So other than the power outage, we came out of things unscathed.  The roof was finished on Friday – one day before the storm hit….


….and thankfully we didn’t lose a single shingle.

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Not to say the house didn’t rock in the strongest wind gusts – because it certainly did – but there were no significant issues.  I’ll admit it was pretty unnerving how the house shook in the strongest gusts – probably made all the worse because the house is completely gutted on the second floor.  One gust tore off the Tyvek building wrap from the exposed area on the back of the house and it’s now M.I.A.  The way the wind was howling, I suspect someone in Prince County is picking it up from their yard today.

Before the storm came, I closed in the floor of the addition to prevent and wind from gusting through the basement.  We didn’t need the basement filling up with water before the concrete floor gets poured, either.

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So suffice to say we’ve now got our work cut out for us.  Everything we’ve been doing to date has led up to this moment.  The demolition was in anticipation of the new foundation.  The new foundation allowed us to get the roof re-sheathed and shingled, which now allows us to finally get the upstairs renovations underway.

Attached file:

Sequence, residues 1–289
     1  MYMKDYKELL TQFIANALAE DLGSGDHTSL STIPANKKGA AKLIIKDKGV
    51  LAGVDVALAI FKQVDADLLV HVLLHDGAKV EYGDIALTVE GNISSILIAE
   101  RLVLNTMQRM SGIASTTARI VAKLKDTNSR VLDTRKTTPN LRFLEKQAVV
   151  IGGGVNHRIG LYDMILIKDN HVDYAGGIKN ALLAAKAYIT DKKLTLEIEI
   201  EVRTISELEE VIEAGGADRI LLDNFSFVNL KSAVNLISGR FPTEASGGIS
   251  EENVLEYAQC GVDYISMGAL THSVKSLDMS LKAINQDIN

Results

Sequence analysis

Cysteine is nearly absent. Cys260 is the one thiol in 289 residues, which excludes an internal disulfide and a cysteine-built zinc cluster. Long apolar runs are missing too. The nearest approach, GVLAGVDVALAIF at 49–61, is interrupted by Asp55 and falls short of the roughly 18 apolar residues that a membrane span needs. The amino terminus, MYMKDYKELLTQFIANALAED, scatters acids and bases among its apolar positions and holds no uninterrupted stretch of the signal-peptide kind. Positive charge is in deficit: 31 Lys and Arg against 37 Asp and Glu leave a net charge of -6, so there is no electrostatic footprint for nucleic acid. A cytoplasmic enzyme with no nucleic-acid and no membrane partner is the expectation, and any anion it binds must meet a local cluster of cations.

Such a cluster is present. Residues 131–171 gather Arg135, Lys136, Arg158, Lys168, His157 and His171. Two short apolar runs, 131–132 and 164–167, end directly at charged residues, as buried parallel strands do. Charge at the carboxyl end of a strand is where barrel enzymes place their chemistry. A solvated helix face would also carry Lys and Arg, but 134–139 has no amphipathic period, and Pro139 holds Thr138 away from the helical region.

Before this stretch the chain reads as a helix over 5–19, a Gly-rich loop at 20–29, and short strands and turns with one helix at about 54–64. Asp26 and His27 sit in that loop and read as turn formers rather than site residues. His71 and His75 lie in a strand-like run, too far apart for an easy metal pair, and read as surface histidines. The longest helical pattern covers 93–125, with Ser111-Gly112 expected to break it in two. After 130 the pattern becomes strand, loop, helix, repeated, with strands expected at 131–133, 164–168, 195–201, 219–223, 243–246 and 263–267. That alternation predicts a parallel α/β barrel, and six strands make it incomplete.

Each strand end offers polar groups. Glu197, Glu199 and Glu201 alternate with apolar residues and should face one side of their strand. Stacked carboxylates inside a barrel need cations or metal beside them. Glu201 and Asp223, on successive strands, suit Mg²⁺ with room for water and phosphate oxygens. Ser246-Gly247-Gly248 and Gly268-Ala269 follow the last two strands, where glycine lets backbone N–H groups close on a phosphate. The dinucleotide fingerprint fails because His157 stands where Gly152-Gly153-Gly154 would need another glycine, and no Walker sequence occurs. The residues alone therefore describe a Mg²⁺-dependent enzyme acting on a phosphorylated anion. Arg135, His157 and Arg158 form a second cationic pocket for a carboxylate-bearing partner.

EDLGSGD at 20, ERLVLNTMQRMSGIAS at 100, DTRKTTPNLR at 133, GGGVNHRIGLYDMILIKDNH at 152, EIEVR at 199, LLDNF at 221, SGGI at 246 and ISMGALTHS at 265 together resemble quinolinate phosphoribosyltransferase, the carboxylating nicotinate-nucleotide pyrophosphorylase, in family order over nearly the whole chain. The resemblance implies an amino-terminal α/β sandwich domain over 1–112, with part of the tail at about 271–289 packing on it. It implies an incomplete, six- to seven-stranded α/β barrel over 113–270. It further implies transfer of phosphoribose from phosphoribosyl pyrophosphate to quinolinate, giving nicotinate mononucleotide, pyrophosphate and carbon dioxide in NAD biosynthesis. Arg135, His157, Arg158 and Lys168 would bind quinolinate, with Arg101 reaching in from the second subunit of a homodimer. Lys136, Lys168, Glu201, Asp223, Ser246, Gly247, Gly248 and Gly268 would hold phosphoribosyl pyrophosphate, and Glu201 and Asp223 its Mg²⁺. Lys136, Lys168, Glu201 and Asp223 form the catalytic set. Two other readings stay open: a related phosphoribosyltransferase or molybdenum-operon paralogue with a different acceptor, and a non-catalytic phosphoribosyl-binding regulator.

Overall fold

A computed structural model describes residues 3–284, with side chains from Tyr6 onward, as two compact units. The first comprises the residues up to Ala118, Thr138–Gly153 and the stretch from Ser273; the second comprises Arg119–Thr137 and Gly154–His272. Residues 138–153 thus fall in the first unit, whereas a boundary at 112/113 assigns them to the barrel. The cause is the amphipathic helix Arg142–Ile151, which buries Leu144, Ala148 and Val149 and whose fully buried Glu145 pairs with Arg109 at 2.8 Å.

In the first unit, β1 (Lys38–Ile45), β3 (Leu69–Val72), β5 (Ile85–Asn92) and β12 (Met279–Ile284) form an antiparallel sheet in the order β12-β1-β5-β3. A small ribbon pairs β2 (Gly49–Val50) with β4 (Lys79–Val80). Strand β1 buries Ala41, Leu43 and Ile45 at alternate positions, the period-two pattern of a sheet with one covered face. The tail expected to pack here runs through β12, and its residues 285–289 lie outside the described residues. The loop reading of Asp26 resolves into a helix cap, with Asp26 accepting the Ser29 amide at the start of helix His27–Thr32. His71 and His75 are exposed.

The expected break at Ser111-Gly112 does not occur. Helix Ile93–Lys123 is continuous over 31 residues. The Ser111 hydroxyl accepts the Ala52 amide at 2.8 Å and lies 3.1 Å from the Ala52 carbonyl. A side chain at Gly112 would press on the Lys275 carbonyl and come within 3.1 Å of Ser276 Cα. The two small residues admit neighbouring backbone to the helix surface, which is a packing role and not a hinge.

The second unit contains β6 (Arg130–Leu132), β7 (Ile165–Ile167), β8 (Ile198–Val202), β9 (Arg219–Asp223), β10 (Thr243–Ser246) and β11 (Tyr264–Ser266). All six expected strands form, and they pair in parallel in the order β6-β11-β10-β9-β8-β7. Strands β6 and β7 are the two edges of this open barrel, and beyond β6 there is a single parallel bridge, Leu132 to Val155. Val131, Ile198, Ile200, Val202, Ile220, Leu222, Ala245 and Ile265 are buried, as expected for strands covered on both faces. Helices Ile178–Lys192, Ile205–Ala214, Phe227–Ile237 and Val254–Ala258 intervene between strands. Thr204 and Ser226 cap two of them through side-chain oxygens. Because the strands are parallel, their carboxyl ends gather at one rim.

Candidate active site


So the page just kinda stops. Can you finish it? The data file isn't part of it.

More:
In fact, we had a big lumber order delivery on Friday to start restructuring the attic floor, install the roof vents for the cathedral portion of the ceilings and rebuild the partition walls.  This week, we’ll be getting our clawfoot tub, shower unit and associated hardware.

But it’s not all work, no play either.  We had a surprise visit from a good friend and former co-worker, Skip and his beautiful daughter Brooke.

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Skip and Brooke. Not an accurate representation.

They had an east-coast road trip planned and paid us a totally unexpected visit.  Skip was our lead-carpenter back in my Ontario life so I was tempted to shove a hammer into his hand when he walked in our front door.

Our work days have been lengthening as of late to get as much done as possible before our family arrives in August for vacation.  I’ve been preparing them that they shouldn’t expect the Royal York Hotel here, rather more like the Hav-a-Nap motel.  Either way, it’s going to be great to see family again and show them what we’ve gotten ourselves into.

In anticipation of their visit, we’ve been exploring the island ourselves for ideas to bring them.  Murdoch on the other hand is quite happy to just go to the beach.

Insanely happy

Insanely happy

Oh yeah, and to wrap things up, my birthday came and went.  We just did a small celebration this year….

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Oh, wait.  That was Canada Day in Charlottetown.   For my birthday, we just sat in the dark.

Thanks, Arthur.